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‘Lawyers’ picnic’: insurers face scrutiny on BI wordings

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Business policy exclusions which still refer to an act of parliament that was repealed almost five years ago could leave Australian insurers facing a lengthy legal battle and possible class actions, legal sources have warned.

Insurers have been clear that the vast majority of business interruption claims relating to the COVID-19 outbreak and associated shutdown measures will not be paid, due to pandemic exclusions.

Reinsurers have not provided cover since reassesing after SARS, and insurers say that to pay all claims would bankrupt the industry.

However, it has emerged that some policies still contain exclusions referring to “quarantinable diseases” under the Quarantine Act 1908, which was repealed and replaced by the Biosecurity Act 2015.

While the purpose of both laws is broadly similar, lawyers believe the out-of-date wording could leave insurers exposed, and industry insiders have expressed disbelief and frustration that policies were not updated to reflect the change.

One industry source described the situation to as “a complete cock-up”, with another saying it could “lead to a lawyers’ picnic”.

The Insurance Council of Australia says “the intention of stated exclusions was clear”, and understands affected insurers – including IAG, Suncorp, QBE and others – intend to stand by their denials of claims.

But Clayton Utz partner Mark Waller told today the “intention” of one party is not legally relevant.

“[The customer] did not have that intention,” he said. “Legally, what one party asserts to be their intention does not matter.”

He says that “at best for insurers” the wording is ambiguous, which would lead to them not being able to rely on the exclusion.

Disputes could land initially with the Australian Financial Complaints Authority (AFCA), which declined today to comment on the issue, saying it had yet to complete investigations into the three coronavirus-related business interruption complaints it has received to date.

However, CEO and Chief Ombudsman David Locke may have given an indication of which way AFCA will lean when he gave evidence at recent Economic Committee hearings.

“We did get quite a few business interruption claims matters coming forward, but of course COVID-19 is not an insurable event, and so those did not have merit in terms of the process,” he said.

Either way, AFCA’s determinations are not binding on consumers and there are limits on the size of disputes it can handle.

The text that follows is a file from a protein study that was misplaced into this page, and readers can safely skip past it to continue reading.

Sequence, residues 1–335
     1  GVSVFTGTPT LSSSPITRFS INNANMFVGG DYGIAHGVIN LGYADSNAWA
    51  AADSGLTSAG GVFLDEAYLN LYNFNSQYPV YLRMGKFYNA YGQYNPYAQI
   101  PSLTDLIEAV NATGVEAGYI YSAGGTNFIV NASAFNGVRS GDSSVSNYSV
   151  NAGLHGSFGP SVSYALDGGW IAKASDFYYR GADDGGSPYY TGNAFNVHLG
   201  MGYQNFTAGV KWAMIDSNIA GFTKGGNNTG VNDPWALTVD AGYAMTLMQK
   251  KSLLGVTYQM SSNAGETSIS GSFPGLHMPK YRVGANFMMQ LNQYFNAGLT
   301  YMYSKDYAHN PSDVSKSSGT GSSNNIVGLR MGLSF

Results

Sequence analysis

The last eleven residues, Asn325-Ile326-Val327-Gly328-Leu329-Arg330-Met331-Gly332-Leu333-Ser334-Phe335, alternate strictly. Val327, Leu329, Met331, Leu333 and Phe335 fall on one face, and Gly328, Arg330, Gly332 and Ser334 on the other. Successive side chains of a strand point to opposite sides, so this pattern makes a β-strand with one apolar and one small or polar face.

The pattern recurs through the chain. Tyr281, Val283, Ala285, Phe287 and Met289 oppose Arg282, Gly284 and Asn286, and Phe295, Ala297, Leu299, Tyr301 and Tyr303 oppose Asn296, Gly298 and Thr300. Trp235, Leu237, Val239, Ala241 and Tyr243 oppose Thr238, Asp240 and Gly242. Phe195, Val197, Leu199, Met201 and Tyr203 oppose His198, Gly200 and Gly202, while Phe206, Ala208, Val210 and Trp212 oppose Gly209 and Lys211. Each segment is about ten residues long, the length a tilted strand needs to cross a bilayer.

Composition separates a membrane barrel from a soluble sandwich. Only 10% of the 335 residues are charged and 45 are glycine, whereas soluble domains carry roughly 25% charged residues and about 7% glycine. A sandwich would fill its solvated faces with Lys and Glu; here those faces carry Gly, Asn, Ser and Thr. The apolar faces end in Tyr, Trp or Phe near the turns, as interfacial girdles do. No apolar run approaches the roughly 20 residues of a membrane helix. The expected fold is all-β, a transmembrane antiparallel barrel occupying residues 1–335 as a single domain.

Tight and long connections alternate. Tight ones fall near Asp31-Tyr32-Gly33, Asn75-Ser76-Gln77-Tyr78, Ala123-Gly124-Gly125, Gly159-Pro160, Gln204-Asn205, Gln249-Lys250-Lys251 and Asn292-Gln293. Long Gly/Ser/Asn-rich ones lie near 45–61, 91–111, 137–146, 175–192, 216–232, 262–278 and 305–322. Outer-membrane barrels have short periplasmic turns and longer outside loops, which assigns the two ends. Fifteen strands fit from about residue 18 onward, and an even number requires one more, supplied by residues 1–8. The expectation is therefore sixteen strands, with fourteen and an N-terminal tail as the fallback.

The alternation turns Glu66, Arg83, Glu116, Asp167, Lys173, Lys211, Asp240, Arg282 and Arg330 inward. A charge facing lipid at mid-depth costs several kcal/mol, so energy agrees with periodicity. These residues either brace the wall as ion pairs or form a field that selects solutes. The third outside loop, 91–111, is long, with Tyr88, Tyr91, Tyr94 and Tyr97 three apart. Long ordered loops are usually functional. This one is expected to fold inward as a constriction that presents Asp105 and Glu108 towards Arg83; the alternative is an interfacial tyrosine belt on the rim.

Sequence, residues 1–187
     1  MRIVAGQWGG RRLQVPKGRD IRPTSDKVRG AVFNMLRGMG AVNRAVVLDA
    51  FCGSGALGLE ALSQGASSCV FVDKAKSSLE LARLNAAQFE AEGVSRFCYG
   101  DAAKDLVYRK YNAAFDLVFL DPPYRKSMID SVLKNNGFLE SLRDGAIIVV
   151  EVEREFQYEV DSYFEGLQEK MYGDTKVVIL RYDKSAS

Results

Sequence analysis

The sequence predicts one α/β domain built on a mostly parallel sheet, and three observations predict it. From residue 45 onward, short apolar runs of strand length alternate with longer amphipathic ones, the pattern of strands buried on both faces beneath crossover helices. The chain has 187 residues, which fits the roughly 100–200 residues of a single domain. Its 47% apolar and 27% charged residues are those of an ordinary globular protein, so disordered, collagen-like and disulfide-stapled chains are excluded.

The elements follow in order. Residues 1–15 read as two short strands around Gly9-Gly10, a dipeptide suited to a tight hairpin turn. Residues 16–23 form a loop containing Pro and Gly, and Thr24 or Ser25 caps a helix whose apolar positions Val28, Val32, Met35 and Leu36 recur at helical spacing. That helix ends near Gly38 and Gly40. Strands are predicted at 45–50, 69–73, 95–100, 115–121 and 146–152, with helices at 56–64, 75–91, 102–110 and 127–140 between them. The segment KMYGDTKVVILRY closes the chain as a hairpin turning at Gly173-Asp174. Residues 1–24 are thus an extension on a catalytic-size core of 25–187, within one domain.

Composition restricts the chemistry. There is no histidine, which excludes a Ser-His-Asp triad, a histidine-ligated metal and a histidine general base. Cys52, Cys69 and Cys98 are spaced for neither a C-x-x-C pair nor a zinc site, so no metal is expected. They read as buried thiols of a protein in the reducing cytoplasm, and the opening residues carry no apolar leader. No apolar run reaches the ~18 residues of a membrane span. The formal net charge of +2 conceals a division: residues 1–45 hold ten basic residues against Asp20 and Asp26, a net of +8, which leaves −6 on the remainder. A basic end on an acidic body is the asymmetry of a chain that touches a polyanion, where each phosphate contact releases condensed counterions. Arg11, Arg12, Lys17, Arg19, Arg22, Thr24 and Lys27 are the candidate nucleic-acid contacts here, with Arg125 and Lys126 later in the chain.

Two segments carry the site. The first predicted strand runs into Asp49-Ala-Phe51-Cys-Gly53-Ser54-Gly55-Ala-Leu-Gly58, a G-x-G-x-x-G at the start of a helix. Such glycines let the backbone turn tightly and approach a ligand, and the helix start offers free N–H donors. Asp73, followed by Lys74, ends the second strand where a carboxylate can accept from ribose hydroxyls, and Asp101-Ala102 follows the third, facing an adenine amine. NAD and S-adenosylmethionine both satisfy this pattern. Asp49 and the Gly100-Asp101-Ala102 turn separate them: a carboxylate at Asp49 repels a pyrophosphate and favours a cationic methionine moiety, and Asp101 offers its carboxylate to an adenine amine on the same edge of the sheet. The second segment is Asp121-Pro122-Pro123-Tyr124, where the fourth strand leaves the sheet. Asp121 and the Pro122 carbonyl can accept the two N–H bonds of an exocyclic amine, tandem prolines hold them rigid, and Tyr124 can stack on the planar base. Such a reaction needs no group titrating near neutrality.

“Ultimately this will keep going through the appeals process to the High Court,” Mr Waller said. He also believes litigation funders are investigating the possibility of class actions.

He suggests insurers would be better off avoiding litigation, and instead isolating which claims are affected and paying them out. He says many policies still expressly exclude pandemics, and this issue only affects those with the broadest coverage that refer only to the Quarantine Act.

“Insurers are going to spend a lot of time and energy fighting this and it could have been avoided if they’d updated policies when the Biosecurity Act came out,” he says.

LMI Group Chairman Allan Manning told his team has found more than 100 affected policies across a number of different insurers.

Mr Manning says in a blog post “this is very messy”.

“I just wish the industry had changed all their wordings to keep pace with the changes in the legislation.”

An IAG spokesman told that most of its policies refer to the Quarantine Act, or the Quarantine Act as amended/and subsequent amendments.

“This Act was replaced by the Biosecurity Act in 2015 to reflect additions relating to biosecurity and other emerging threats,” the spokesman said.

“The intent of both Acts is the same, which means Government-declared pandemics are excluded from these policies.”

QBE says some of its policies refer to the Quarantine Act (as amended) and others to the Biosecurity Act.

In written answers to the Economics Committee it said there are “no relevant differences between the cover provided by our policies regardless of which Act is referred to”.

“This result is consistent with the intent of QBE’s business interruption insurance as well as the intent of most other insurers’ standard business interruption policies and is essential for the proper operation of the market.”

Suncorp says it is handling all claims “based on each customer’s individual circumstances and the terms, conditions and exclusions of their policy” and that to date it has not paid any business interruption claims as a result of COVID-19.

In written answers to the Economics Committee it said that “any references to the Quarantine Act are due to a policy not being amended to specifically refer to the Biosecurity Act 2015”.

Mr Waller says if insurers are hoping to rely on the “as amended” clause, they will be disappointed.

“A repeal of a piece of legislation is not an amendment.”